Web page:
Voyages of Discovery: Copernicus to the Big Bang

    In 1543, Nicolas Copernicus published, "On the Revolutions of
    Heavenly Spheres", which began the first of three revolutions
    in cosmology. This is where we begin our eight week course --
    learning about some of the major players, discovering the
    unfolding universe, and making the case for modern cosmology.

    These weekly voyages will include video clips, an overview of
    what we have learned and are leaning about our universe and how
    it works, and include resources for those who want to learn
    more. With time for your questions.
  Ptolemaic System
  Nicolas Copernicus

    When "On the Revolutions" appeared in 1543, it was attacked by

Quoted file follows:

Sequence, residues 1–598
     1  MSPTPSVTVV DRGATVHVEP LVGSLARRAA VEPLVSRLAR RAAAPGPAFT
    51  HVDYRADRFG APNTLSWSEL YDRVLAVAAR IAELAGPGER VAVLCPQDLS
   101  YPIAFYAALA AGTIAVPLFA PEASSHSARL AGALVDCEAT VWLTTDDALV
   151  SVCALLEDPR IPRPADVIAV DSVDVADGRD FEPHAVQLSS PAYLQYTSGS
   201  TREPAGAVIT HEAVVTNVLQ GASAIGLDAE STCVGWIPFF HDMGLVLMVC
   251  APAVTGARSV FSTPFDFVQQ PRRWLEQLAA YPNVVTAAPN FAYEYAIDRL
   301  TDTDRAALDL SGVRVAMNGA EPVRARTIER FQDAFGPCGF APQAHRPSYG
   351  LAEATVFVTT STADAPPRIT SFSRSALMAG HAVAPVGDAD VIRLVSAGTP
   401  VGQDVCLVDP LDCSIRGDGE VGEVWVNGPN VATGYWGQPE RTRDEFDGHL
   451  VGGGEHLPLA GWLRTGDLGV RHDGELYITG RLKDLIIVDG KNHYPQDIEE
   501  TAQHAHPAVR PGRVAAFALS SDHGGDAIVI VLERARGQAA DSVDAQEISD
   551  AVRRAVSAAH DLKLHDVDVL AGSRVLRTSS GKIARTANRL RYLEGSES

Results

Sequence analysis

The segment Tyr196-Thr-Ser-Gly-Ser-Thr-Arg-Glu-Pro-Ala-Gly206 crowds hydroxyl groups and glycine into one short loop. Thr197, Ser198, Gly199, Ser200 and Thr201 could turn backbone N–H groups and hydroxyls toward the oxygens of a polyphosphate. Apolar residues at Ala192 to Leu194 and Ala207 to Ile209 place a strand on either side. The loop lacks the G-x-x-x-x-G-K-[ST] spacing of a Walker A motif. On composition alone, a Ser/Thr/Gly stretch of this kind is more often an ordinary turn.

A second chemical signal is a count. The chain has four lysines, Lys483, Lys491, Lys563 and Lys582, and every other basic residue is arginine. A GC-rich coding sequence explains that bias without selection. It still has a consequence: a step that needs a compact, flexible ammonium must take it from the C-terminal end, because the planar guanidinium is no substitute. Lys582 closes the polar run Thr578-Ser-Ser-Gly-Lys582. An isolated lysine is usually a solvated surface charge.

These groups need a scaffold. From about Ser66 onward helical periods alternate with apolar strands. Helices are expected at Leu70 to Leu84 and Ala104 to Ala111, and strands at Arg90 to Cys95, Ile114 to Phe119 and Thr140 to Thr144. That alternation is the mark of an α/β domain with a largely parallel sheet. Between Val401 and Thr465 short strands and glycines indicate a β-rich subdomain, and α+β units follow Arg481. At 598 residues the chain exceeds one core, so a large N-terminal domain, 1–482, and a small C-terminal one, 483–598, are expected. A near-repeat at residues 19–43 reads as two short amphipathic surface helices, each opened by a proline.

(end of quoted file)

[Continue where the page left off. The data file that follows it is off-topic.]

Protestant theologians who held the premise of a heliocentric
    universe to be unbiblical. Copernicus' theories, they reasoned,
    might lead people to believe that they are simply part of a
    natural order, and not masters of nature, the center around
    which nature was ordered.

    Because of clerical opposition, and perhaps also general
    incredulity at the prospect of a non-geocentric universe,
    between 1543 and 1600, fewer than a dozen scientists embraced
    Copernican theory.
    But among those "scientists" being influenced by Copernicus'
    Sun centered cosmology where Tycho Brahe, Johannas Kepler and
    Galileo Galilei.
                       Copernicus (1473-1543)
        Tycho Brahe   Johannas Kepler       Galileo Galilei
        (1546-1601)    (1571-1630)           (1564-1642)

    It was Copernicus' little book that really got the revolution
    going. Isaac Newton would eventually put it all together in
    his Principia, giving us Classical Mechanics, and a theory of 
    gravitation that worked in the heavens the same as on Earth.

  Copernican Principle

  Proof that the Earth goes around the Sun